An explanation of the observed behavior is provided, along with a link to the MITRE ATT&CK knowledge base, and the typical causes for this type of behavior, both malicious and benign. This is especially helpful in ambiguous cases where potentially dangerous events are used for legitimate purposes due to the organization’s specific internal processes, which are for the SOC analyst to investigate and distinguish.
Recommended actions are also provided, as well as tools to mitigate the threat by actions such as terminating the process or isolating the host, which may be done within ESET Enterprise Inspector.
In the last sub-step of the Carbanak emulation scenario (10.B.1), the adversary attempts to access the target’s desktop via VNC. Again, this communication is clearly visible to ESET Enterprise Inspector and flagged as suspicious, with all relevant details provided – see Figure 7 above. Note that the protocol is identified based on analysis of the network traffic content, meaning that even if non-standard network ports are used the protocol will be identified, and even if the originating process is obfuscated or masquerading techniques are employed, the corresponding rules in ESET Enterprise Inspector can be triggered.
Going back to the purpose of a good EDR solution as outlined in the beginning of this section, the essential role is not necessarily to alert the analyst to every single procedure carried out during an attack (or sub-step in the ATT&CK Evaluation), but rather to alert them that an attack took place (or is ongoing) … and afterward assist them in investigating it by providing the capability to navigate transparently through detailed and logically structured evidence of what happened in the environment and when. This is a functionality that we continue to put great emphasis on in developing ESET Enterprise Inspector.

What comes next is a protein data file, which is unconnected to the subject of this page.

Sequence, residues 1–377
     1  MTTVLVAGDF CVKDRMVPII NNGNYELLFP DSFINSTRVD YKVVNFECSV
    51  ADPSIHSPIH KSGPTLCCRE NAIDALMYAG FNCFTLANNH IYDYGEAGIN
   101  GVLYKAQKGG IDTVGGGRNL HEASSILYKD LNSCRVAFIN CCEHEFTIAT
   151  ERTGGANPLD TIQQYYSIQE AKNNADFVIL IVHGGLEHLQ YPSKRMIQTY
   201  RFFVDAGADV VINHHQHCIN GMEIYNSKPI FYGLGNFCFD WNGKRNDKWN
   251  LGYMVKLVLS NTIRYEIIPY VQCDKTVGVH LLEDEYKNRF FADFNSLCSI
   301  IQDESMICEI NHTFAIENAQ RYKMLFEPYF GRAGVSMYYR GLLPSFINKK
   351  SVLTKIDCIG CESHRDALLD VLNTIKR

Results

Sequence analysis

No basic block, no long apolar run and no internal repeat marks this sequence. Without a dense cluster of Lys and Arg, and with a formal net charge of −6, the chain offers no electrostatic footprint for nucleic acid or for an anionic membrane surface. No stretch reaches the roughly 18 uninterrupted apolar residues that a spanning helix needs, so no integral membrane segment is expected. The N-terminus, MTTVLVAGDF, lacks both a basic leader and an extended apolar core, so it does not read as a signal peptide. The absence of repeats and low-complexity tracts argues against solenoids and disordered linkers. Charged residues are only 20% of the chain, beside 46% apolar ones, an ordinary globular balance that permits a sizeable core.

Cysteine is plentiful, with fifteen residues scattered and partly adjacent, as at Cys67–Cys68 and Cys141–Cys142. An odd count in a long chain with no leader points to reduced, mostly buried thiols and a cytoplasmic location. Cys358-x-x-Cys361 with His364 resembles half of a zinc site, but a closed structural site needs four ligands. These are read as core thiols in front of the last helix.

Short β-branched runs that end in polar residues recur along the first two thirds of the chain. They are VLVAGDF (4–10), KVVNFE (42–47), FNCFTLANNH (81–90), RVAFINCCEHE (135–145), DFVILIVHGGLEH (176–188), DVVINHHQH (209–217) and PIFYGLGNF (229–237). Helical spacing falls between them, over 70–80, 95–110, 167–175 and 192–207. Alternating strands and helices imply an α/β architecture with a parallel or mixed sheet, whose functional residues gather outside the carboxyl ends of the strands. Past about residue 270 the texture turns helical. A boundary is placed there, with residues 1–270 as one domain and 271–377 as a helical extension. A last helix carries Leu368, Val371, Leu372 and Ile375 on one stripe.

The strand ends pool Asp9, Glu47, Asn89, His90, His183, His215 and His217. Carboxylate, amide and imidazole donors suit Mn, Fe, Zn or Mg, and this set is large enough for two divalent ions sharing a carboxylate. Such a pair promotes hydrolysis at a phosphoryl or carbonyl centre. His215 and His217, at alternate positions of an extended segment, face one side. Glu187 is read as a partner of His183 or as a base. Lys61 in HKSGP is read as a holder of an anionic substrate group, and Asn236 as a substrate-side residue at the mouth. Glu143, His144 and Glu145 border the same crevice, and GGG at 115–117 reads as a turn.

We are happy to see that the rigorous MITRE ATT&CK Evaluation demonstrated the qualities of our EDR technology and validated the vision and roadmap we have for ESET Enterprise Inspector looking forwards.
It’s important to keep in mind that the development of a good EDR solution cannot be a static undertaking – as adversary groups change and improve their techniques, so must EDR and endpoint protection platforms keep pace in order to continue protecting organizations from real-world threats.
And that’s exactly the case with ESET Enterprise Inspector: it is not an EDR solution whose development is disconnected from active threat research. No, it’s our experts who track the world’s most dangerous APT groups and cybercriminals who also ensure ESET Enterprise Inspector’s rules are effective and capable of detecting malicious activity on targeted systems.
ESET Enterprise Inspector is just one of the components in our comprehensive cybersecurity portfolio, perfectly balanced to deliver reliable protection against cyberattacks. ESET Enterprise Inspector is an integral part of ESET’s multi-layered security ecosystem, which includes strong and accurate endpoint security, cloud sandboxing (ESET Dynamic Threat Defense), machine learning-based detection technologies, and LiveGrid® telemetry and threat intelligence coming from a user base of millions of endpoints (which, among other benefits, allows ESET Enterprise Inspector to factor into its decisions the reputation of binaries and processes).
We at ESET believe this unified approach to delivering security solutions is absolutely crucial, because while it’s important to have great visibility into an attack that executed on your network, it is much more important to be able to spot and recognize it among a myriad of events, even better, to prevent it from happening at all.
We encourage readers to consider their own needs, requirements, and preferences, and then dive into the publicly available ATT&CK Evaluation results, and other resources.